Join us for Autism 202: A Voice for Severe Autism, a virtual presentation by Jill Escher, President of National Council of Severe Autism, and Amy Lutz, Vice President of National Council of Severe Autism.
The presentation will cover:
- What is meant by severe autism
- The dramatically growing prevalence of severe autism, and implications for policy
- Challenges: therapeutics, appropriate education, adult programs, housing, crisis support
- The importance of advocacy and standing up for difficult realities
Many millions of people have traits associated with autism. This presentation will focus on important issues and concerns impacting the growing population of children and adults affected by severe forms of autism or related disorders. This population includes those who, by virtue of any combination of cognitive and functional impairments, require continuous or near-continuous, lifelong services, supports, and supervision. Individuals in this category are often nonverbal or have limited use of language, have intellectual impairment, and, in a subset, exhibit challenging behaviors that interfere with safety and well-being.
Due to the reasonable caution surrounding reducing the spread of COVID-19, this month’s Autism 200 lecture will be streamed live through Facebook Live on Seattle Children’s, Seattle Children’s Autism Center and Seattle Children’s Alyssa Burnett Adult Life Center’s Facebook pages. There will be no in-person attendance. Thanks to everyone for your understanding. Further announcements regarding future Autism 200 lectures will be forthcoming.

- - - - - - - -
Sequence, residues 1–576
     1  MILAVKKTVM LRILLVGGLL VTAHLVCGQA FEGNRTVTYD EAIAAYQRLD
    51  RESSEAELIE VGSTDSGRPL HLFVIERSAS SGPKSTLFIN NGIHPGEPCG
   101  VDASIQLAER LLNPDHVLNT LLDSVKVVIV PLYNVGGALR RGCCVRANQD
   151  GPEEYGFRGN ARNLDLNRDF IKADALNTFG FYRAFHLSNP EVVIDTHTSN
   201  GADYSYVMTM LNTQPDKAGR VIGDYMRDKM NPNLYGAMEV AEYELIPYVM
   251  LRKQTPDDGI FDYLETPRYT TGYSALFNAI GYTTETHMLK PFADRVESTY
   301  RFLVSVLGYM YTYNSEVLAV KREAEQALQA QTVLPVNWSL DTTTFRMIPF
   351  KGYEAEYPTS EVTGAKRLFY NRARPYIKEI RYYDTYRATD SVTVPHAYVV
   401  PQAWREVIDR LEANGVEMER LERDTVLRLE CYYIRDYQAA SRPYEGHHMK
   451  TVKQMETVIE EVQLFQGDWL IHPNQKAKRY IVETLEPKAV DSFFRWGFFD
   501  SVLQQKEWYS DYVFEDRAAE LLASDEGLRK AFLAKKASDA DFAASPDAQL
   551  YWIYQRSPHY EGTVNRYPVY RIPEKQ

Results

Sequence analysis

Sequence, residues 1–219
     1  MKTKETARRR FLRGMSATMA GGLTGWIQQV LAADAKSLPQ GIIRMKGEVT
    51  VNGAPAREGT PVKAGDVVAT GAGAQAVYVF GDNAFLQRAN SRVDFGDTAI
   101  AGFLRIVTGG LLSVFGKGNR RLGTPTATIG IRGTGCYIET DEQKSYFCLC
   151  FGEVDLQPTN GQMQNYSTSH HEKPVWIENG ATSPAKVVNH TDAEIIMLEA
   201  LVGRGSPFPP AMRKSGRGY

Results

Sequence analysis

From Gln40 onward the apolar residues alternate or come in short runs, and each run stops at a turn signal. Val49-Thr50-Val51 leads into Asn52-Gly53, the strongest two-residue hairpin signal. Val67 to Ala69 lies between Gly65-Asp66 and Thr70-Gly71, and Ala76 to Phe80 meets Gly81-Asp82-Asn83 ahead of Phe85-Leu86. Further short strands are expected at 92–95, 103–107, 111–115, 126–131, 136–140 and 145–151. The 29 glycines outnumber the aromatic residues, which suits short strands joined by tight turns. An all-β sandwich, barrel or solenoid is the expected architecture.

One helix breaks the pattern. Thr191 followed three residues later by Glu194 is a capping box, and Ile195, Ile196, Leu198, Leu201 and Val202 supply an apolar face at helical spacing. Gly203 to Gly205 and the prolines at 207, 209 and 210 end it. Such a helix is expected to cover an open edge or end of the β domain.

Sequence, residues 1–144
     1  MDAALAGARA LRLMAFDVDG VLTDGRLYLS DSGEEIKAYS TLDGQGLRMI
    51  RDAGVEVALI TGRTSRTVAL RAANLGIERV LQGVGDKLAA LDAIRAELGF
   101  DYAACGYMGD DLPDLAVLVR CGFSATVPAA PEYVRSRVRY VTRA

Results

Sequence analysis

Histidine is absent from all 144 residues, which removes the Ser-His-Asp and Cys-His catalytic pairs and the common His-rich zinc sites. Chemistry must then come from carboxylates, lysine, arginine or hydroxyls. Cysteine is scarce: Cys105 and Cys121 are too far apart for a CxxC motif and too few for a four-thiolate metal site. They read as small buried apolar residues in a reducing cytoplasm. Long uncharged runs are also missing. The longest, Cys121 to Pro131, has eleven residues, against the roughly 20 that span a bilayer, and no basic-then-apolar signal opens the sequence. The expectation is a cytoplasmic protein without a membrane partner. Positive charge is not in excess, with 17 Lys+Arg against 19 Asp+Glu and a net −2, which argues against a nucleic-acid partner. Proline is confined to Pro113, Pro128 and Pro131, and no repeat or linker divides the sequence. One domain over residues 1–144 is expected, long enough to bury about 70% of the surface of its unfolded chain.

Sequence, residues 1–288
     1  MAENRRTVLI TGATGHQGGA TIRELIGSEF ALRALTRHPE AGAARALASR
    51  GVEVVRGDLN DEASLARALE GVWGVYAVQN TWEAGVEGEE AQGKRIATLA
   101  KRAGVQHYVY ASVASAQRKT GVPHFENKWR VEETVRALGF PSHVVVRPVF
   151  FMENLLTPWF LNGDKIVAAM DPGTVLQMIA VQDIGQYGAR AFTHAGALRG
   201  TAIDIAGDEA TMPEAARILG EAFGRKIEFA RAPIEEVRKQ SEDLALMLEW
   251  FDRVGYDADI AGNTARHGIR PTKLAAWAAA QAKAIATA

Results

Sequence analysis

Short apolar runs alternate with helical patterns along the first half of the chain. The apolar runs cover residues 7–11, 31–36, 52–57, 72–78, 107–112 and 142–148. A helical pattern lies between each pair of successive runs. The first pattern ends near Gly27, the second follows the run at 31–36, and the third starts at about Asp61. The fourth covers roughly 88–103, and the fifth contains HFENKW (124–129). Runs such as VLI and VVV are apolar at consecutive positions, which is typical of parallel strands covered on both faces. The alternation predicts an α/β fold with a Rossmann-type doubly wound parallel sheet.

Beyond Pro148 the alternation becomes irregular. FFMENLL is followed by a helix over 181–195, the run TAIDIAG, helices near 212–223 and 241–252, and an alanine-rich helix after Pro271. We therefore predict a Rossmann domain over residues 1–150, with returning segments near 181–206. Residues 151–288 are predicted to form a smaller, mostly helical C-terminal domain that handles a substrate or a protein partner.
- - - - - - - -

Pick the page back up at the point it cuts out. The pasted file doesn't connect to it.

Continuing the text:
If you are unable to watch the stream live, a video of the presentation will be available immediately after the lecture on Seattle Children’s, Seattle Children’s Autism Center and Seattle Children’s Alyssa Burnett Adult Life Center’s Facebook pages. It will also be available in the future on Seattle Children’s Autism 200 Series YouTube playlist.
Learn more about Seattle Children’s Autism 200 Series Lectures.
Date: Thursday Feb 18, 2021
Time: 7:00 – 8:30pm Pacific Time
Jill Escher is an autism research philanthropist (Escher Fund for Autism), real estate investor who provides low-income housing for adults with developmental disabilities, former lawyer, and mother of two children with nonverbal autism. In her role as an advocate, she serves as president of National Council on Severe Autism, and immediate past president of Autism Society San Francisco Bay Area. In her role as a promoter of innovative research she was recently elected to serve on the governing council of the Environmental Mutagenesis and Genomics Society. Escher is a graduate of Stanford University and the UC Berkeley School of Law. Most importantly she is the mother of two children, a 22 year old man and a 14 year-old girl, with nonverbal forms of autism.
Amy S.F. Lutz is an advocate and writer based in Pennsylvania. Amy’s work has been featured in The Atlantic, Slate and Babble, among others, and she writes about autism at Inspectrum for Psychology Today. Her essay collection We Walk: Life with Severe Autism was published in October 2020, and her first book, Each Day I Like It Better: Autism, ECT, and the Treatment of Our Most Impaired Children came out in 2014. She is currently pursuing a PhD in History and Sociology of Science at University of Pennsylvania. She is the mother of five children, one of whom has a severe form of autism.